Venny bondholders are jolly after state-owned PDVSA pulled off a relatively smooth maturity of its USD 2.1 bond due in April 12th. Sure, there was a last-minute selloff and an emergency repo to save the day, but then you wouldn’t be investing in assets like these if you didn’t have a stomach for theatrics. Every single trader has his own war stories with those infamous 17 olds; I remember seeing them trading below forty cents on the dollar, back in February of 2016.

It’s the end of an era. The Bachaquero of Wall Street has pulled off his last, biggest trade yet.

For the past three years, coinciding with the calamitous fall in oil prices that has turned the Venezuelan economy from a hotbed of macro disequilibria into full-blown economic disaster, there has been a strategy in the Venny bond market that has paid off massively with what seems like minimum risk. We first covered it back in October of 2015, dubbing it the ‘Bachaquero of Wall Street’ trade.

It really is the financial world’s answer to bachaquerismo: the whole game is to put yourself first-in-line to collect from the Venezuelan government. The point here is to combine a rock solid faith that the Maduro administration has the willingness and/or ability to pay the next bond that comes due with a commitment to indefference towards the huge mess the Venezuelan economy has gotten into.

Some investors have made impossible returns on the back of this trade — as much as 114% annualized returns (they doubled their money and then some more!) in the past twelve months. Of course, timing is everything: buy too late and most value will be gone by the time you’re able to find some bachaqueated bonds.

Price return chart of the PDVSA bonds due in 2017 (blue = 17 “olds”, which matured last week; orange = amortizing 17 “news”, due in November 2nd). The starting point is ‘The Quincena From Hell’, a two-week period of market distress where Venny bonds hit all-time lows. Add in an extra 12-15% from accrued interest for the total return figure. Source: Bloomberg Professional Service.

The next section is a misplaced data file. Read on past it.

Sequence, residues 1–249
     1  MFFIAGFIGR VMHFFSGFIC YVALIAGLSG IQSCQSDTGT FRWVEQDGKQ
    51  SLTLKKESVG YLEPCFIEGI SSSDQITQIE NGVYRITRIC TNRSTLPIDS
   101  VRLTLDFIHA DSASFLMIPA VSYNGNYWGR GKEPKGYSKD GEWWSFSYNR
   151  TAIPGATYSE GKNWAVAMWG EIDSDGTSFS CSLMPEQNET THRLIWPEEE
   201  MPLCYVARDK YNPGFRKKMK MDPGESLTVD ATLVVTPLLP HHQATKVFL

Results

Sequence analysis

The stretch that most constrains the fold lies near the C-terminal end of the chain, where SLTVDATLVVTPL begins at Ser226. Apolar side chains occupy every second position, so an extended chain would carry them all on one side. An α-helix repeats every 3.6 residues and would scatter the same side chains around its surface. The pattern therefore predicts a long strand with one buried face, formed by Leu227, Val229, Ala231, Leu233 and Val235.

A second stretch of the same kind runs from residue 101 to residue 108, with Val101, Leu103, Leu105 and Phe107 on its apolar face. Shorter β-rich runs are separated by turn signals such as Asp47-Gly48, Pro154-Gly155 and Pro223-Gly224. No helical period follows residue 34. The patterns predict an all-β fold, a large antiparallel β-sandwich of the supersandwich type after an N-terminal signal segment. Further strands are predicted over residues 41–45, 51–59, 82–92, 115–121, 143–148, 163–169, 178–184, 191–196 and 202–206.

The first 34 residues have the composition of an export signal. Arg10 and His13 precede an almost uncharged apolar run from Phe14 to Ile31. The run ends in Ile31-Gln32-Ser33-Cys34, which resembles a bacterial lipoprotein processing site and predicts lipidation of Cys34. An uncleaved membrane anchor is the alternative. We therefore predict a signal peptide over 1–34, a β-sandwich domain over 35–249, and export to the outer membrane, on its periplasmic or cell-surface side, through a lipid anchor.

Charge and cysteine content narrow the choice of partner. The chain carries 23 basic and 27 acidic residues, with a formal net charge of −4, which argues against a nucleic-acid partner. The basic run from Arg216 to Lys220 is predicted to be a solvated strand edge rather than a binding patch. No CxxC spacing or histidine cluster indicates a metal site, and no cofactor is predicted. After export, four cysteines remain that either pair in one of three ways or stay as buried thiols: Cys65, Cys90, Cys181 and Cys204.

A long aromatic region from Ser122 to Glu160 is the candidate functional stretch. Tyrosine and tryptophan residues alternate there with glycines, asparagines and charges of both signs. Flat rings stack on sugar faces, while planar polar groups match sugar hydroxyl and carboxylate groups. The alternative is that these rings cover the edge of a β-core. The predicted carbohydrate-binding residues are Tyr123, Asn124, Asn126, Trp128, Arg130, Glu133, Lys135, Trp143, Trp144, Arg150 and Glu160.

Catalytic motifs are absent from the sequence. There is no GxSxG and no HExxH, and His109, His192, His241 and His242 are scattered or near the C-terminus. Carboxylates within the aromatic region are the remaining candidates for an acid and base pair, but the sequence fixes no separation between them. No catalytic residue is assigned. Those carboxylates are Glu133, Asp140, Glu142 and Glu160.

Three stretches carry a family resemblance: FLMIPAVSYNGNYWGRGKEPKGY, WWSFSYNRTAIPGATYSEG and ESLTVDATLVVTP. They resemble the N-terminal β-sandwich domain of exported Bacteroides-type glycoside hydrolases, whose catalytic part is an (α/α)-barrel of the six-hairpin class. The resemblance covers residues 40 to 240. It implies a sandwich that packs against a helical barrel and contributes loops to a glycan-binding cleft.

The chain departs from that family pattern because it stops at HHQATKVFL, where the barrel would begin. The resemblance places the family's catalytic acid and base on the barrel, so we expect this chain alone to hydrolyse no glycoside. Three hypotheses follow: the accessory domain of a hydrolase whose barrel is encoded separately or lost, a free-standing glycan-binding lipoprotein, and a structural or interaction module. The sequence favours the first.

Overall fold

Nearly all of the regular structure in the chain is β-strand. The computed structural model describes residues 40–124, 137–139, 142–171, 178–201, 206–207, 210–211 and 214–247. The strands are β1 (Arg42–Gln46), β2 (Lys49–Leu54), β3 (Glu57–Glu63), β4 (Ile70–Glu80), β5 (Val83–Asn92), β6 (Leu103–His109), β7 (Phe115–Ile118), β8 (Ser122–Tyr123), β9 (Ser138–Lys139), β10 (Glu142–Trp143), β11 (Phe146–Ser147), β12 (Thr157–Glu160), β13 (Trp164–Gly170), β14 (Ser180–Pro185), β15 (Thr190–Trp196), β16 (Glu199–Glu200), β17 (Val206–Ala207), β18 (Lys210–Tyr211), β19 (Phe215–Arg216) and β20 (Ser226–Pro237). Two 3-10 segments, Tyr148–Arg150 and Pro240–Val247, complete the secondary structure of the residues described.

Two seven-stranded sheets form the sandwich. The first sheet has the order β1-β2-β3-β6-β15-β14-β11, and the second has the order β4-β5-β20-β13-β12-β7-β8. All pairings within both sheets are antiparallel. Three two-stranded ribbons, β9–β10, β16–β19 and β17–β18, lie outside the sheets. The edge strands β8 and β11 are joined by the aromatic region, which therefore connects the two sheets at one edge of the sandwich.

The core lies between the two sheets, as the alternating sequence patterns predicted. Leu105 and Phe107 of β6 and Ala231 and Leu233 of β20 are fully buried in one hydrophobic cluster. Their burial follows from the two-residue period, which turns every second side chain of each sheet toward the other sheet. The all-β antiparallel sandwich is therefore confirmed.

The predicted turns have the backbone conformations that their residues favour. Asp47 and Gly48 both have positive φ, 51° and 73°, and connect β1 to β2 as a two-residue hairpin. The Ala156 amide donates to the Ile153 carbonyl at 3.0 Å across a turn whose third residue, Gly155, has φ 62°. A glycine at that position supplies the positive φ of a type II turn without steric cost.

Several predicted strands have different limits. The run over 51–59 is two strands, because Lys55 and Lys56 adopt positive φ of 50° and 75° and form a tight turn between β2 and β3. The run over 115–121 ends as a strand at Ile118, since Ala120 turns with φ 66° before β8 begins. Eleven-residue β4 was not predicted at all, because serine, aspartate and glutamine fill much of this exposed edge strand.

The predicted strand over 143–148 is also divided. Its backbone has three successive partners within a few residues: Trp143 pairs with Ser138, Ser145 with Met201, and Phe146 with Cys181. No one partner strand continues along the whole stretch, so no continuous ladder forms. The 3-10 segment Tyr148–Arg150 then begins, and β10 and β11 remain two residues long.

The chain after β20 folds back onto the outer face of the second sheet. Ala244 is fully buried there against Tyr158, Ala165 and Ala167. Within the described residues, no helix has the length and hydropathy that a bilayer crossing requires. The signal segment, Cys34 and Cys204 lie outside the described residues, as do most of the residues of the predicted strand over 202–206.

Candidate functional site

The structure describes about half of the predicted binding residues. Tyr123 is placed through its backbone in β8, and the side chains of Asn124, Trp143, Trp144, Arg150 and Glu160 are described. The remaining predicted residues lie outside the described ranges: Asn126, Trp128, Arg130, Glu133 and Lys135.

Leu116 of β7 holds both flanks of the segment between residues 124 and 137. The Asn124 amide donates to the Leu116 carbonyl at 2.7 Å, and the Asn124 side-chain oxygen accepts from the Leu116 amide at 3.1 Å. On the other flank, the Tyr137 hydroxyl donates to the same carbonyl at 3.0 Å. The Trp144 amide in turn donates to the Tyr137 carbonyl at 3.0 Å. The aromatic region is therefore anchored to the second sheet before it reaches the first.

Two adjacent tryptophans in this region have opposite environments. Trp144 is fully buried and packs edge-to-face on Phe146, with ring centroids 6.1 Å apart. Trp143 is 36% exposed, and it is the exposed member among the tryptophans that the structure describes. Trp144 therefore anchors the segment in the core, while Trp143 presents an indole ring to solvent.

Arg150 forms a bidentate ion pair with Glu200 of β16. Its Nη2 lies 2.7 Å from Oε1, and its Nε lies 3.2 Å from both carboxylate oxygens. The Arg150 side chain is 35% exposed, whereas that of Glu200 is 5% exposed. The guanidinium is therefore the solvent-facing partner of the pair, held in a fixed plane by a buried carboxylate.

Recently, the bond market has figured out the way to price Maduro & Co’s  ‘como vaya viniendo vamos viendo’ approach. VENZ/PDVSA bonds closest to maturity (deemed most likely to be paid) trade at systematically higher prices than the rest of the curve. The reason is straightforward: as investors are chasing and hoarding (ie. keeping to maturity) a relatively small fraction of the external debt outstanding, the rest of the pile of bonds (or loans, promissory notes, repos… you name it) lingers at bargain-basement prices, with nasty price swings to boot.

Market momentum keeps pushing up the prices in the short end of the curve at the expense of medium- and long-term bonds in a self-reinforcing pattern. The relationship also reflects the unorthodox (or, well, perfectly mad) policy mix that includes creative financing mechanisms with secondary (‘one-off’) sources of liquidity, such as depletion of external assets and import cuts. Together, the policy ensures that this year’s debt repayment capacity remains intact — and ain’t nobody have time to worry about the economic and humanitarian costs.